Now on a five-fight win streak, Grasso remains the underdog but has shortened the odds significantly. So, can she do the seemingly impossible again? The short answer is yes, but it comes with a big but.
A crisp boxer with good footwork and four knockouts to her name, she caught Shevchenko by surprise with her grappling to claim just the second submission win of her career. Without the element of surprise, it’ll be an even tougher challenge this time around.
Dove-tailing off that, there won’t be any complacency on the part of the former champion, which contributed to her shock loss in the first meeting. “Bullet” is the better fighter, a sharpshooter on the feet and force on the ground (eight knockouts and seven submissions).
As a second-degree taekwondo black belt, she’s faster and more versatile than Grasso, who doesn’t throw a lot of elbows or knees, and will show her the requisite respect this time by focusing on distance control, one of her great strengths, to keep Grasso at range and make her pay when she shoots in to try to grapple.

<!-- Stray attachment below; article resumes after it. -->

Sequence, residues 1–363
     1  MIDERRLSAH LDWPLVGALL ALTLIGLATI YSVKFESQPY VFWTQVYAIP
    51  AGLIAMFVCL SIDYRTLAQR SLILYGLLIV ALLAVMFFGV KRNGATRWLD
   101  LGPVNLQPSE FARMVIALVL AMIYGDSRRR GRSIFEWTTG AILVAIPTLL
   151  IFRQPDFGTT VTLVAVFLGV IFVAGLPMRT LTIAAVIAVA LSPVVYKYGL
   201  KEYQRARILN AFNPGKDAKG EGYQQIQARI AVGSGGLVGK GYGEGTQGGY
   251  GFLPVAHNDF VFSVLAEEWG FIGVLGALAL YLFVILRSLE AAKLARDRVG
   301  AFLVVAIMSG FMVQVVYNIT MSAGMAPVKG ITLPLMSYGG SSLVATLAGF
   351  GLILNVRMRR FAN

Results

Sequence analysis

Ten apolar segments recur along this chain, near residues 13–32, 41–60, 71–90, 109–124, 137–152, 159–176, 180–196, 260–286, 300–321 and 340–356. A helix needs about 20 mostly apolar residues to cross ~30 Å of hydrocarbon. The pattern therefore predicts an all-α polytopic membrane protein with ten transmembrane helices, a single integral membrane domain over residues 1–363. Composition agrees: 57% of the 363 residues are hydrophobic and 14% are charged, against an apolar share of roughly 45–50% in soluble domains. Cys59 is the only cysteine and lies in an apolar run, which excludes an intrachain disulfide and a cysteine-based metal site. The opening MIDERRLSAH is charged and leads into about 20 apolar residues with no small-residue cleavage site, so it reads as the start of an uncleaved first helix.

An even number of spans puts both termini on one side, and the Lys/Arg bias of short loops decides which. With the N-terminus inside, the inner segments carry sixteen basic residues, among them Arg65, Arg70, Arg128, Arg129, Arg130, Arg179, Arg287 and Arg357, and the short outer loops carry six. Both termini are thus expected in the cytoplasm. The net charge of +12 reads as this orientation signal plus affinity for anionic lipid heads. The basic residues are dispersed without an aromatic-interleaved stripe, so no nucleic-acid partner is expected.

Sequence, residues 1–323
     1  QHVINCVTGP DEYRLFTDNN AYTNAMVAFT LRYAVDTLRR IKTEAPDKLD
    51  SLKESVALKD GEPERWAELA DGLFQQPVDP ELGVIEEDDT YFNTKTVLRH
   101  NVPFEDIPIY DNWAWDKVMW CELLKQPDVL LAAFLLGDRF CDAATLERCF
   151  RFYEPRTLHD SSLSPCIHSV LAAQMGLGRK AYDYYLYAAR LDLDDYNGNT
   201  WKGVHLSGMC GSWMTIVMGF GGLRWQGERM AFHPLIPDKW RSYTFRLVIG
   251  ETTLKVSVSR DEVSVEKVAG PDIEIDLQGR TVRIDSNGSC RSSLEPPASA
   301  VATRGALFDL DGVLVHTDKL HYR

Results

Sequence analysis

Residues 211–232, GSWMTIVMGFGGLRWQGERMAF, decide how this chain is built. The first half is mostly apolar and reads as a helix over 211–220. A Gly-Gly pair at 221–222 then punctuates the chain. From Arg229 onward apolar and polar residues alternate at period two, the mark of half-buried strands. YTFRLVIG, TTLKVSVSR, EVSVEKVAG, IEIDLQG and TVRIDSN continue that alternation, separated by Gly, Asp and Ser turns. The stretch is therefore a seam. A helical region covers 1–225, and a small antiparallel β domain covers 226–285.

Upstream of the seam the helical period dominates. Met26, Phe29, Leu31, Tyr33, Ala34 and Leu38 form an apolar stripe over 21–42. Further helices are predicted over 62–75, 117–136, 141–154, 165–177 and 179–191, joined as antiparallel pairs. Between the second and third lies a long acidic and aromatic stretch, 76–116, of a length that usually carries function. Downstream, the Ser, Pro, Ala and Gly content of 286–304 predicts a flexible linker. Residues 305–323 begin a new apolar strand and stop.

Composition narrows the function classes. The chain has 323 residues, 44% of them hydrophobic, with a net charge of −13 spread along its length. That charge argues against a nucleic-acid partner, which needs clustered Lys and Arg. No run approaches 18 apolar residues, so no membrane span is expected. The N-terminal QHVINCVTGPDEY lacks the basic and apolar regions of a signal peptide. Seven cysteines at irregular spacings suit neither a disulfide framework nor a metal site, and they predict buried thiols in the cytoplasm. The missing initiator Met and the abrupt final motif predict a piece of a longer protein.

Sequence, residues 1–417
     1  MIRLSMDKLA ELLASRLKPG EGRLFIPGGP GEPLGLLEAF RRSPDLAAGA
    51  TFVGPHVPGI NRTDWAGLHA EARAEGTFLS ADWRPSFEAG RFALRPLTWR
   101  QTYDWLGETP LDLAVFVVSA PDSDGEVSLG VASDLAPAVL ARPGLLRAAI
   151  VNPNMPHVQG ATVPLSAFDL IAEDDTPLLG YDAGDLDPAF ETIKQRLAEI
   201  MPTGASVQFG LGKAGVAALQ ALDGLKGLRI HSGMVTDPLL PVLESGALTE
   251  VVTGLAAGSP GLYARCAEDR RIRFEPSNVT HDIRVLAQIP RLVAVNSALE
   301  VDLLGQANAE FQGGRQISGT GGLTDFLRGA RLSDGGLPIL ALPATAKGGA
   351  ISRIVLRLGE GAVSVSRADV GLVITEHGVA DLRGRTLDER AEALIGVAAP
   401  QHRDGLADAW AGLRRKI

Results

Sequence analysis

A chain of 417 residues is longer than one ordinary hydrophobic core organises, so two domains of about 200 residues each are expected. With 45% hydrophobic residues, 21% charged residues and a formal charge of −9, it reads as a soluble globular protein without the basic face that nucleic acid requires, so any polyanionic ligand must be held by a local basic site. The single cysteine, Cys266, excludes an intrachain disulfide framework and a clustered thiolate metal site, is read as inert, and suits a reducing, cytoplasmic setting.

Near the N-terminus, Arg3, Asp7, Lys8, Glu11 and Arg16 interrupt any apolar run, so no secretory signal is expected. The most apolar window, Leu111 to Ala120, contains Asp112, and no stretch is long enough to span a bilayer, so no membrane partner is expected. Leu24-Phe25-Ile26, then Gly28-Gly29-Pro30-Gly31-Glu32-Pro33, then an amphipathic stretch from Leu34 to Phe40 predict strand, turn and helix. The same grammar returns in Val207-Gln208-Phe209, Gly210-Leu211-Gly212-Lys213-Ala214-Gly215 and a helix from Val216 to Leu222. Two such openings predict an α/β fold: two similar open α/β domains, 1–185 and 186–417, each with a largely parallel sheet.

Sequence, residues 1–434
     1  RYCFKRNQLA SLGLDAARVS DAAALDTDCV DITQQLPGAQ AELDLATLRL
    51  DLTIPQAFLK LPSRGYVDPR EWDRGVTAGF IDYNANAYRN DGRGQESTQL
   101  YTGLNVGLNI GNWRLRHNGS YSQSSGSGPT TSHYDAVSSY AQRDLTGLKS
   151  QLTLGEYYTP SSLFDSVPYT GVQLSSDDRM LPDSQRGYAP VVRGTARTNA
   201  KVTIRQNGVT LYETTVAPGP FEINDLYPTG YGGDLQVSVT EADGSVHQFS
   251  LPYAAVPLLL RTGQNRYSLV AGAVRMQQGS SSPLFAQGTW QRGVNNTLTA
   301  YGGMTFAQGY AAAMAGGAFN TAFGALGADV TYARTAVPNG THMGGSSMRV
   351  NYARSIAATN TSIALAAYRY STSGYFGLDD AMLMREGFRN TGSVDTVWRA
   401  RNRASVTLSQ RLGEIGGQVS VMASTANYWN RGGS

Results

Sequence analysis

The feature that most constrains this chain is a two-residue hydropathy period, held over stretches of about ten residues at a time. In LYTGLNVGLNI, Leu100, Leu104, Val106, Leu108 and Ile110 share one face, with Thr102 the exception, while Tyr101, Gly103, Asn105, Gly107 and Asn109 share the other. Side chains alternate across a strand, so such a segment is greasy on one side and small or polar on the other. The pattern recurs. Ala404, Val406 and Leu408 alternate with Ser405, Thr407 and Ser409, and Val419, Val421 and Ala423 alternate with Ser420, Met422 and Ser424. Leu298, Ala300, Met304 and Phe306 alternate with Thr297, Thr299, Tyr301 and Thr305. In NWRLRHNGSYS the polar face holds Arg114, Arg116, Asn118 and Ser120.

Reenergised and out for revenge, the Kyrgyzstan ace will be at the top of her game and will recapture the title.
Kevin Holland (2.24) v Jack Della Maddalena (1.67) (Welterweight)
The co-main event has Fight of the Night written all over it. Violent entertainers in the welterweight top 15, the pair promise to go toe-to-toe and put on a show. Interestingly, the odds have flipped in the last two weeks with Holland (25-9) going from marginal favourite to moderate underdog.
Holland, ranked one place ahead of his Australian adversary at No 13, has the advantage when it comes to experience, having faced off and beaten some of the best at welterweight and middleweight.